Between September of 1992 and November of 1993, the bodies of seven backpackers were discovered in Belanglo State Forest in New South Wales, Australia. All of the seven bodies were found hidden within an area known as 'Executioner’s Drop'. They had all been found face down with their wrists crossed behind their backs. It quickly became apparent that the murders were all linked and there was an active serial killer stalking New South Wales (The Kingston Whig-Standard, 24 October, 1994 – ‘Man Goes on Trial in Backpacker Killing Case’).
In December of 1989 19-year-olds James Gibson and Deborah Everist from Frankston, Victoria, vanished while travelling to attend ConFest, a festival which was being held near Albury. They had left their hostel in Sydney and had planned on hitchhiking their way there. Gibson’s rucksack and camera would be found at Galston Gorge but a search of the gorge turned up no more evidence (The Age, 7 October, 1993 – ‘Body May be Young Victorian’) Just a couple of months later, 21-year-old German tourist, Simone Schmidl, disappeared while hitchhiking from Sydney to Melbourne where she had planned on meeting her mother who was visiting from Germany. A sleeping bag and a pair of prescription glasses which belonged to Schmidl would be found in bushland at Bright, around 200 kilometres east of Wangaratta, in May of the same year (The Sydney Morning Herald, 15 June, 1991 – ‘Hitchhiking Still Gets the Thumbs Up’)
Then on Boxing Day of 1991, a German couple, 21-year-old Gabor Neugebauer and 20-year-old Anja Habschied, disappeared after setting out to hitchhike from Sydney to Darwin. They had been on the last leg of their backpacking tour around Asia and Australia and were looking forward to returning home (The Sydney Morning Herald, 11 April, 1992 – ‘Mother’s Desperate Bid to Find Missing Couple’). Their families would fly out to Australia but return to Germany after a four-week fruitless search. Less than four months later, on the 18th of April, 1992, two British backpackers, 21-year-old Caroline Clarke and 22-year-old Joanne Walters, disappeared. They had checked out of a hostel in Kings Cross and had told fellow guests that they were planning on going fruit picking in the Riverina or were going to hitchhike to Melbourne.
It wouldn’t be until September of 1992 that the bodies finally began turning up. The first two bodies that were found were Clarke and Walters, the last two backpackers to vanish. The two young women were found by a bushwalker deep in the bushland of Belanglo State Forest. The autopsies would show that Walters had been sexually assaulted and then brutally stabbed in the chest at least 12 times while Clarke was shot in the head ten times at close range (The Age, 22 September, 1992 – ‘Backpacker’s Body Identified’).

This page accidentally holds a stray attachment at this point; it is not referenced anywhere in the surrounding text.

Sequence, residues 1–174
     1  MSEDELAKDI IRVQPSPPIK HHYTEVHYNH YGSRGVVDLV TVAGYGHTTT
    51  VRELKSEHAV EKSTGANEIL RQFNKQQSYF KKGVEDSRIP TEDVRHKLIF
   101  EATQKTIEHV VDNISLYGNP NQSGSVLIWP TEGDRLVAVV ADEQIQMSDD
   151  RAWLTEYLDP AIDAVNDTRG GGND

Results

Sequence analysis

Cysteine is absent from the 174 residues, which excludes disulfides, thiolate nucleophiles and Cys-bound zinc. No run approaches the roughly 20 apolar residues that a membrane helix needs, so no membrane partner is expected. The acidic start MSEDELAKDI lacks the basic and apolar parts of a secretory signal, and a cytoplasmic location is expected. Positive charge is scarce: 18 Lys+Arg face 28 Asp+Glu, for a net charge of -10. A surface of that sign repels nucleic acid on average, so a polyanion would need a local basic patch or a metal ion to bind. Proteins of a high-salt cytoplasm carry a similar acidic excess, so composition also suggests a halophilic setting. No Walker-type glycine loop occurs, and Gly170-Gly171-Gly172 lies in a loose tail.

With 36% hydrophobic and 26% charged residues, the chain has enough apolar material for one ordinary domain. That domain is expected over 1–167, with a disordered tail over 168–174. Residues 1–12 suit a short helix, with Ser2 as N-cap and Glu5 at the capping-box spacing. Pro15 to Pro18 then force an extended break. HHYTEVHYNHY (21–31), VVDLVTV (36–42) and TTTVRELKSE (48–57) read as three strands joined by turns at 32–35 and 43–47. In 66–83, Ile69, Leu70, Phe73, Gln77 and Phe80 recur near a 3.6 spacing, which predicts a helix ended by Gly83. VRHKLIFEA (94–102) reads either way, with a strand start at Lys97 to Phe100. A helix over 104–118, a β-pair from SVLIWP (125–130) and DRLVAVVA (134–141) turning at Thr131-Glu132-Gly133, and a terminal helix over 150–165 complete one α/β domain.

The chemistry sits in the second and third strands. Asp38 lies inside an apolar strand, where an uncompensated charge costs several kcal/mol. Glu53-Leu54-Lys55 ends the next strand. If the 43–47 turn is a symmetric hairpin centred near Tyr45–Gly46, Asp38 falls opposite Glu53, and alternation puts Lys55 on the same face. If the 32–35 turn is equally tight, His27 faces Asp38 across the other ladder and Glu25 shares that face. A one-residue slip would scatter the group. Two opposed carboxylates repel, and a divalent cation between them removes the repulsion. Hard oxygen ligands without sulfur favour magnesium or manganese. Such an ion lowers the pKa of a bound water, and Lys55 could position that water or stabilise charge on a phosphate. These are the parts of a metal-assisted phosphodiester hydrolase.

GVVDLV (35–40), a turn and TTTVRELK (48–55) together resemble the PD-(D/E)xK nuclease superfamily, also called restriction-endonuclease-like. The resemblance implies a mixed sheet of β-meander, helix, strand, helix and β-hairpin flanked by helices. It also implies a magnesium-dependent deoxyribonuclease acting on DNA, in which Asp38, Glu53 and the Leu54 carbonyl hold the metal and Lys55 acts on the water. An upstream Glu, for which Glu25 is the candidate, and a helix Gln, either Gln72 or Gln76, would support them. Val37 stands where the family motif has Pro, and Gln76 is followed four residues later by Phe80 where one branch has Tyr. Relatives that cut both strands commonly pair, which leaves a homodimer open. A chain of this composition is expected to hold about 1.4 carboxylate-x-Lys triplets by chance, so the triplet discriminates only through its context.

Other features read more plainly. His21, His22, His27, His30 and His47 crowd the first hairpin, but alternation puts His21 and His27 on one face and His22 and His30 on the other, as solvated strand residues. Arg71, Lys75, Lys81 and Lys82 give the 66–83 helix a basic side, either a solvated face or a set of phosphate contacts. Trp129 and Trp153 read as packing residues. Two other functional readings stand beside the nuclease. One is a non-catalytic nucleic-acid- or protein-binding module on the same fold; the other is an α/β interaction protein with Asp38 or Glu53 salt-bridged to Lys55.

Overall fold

In October of 1993, the skeletal remains of Gibson and Everist were found by a man who had been fossicking with a metal detector in the rugged terrain of the Belanglo State Forest. They were found less than a kilometre away from where Clarke and Walters had been found the year beforehand (The Age, 6 October, 1992 – ‘Bodies Found Near NSW Murder Site’). They had both been stabbed to death with such force that the knife had cut through the ribs and spine. The following month, the body of Schmidl was found by cadaver dogs just over one mile away. She had been killed in a stabbing frenzy.
A couple of days after Schmidl’s body was found, the skeletal remains of Habschied and Neuegbauer were discovered within the same area. Habschied had been decapitated by one blow to the back of her neck; her head was never recovered. Some hundred metres away from the body was a makeshift bondage device which led to speculation that she had been bound before her murder. Neuegbauer was gagged, strangled and then shot six times in the back of the head.
Police would positively link all of the murders to one another. Not only had all of the victims disappeared under similar circumstances and be found within the same area, but they had all been partially concealed with branches and leaves and were all found face down with their hands positioned behind their backs. Fear would grip the area as talk of a serial killer lurking within the area began to circulate. At the time, Australia was known as a haven for backpackers, many of whom would hitchhike from place to place. Police would speculate that the killer, or killers, was a local who knew the area due to the fact that the bodies had all been dumped deep within the forest (UPI, 8 October, 1993 – ‘Fear of Serial Killer Grips Town After More Backpacker Deaths’). It was also theorised that all of the victims had been picked up while hitchhiking and then driven to Belanglo State Forest against their will (The Age, 6 November, 1993 – ‘Bones Chipped in Attacks, Say Police’).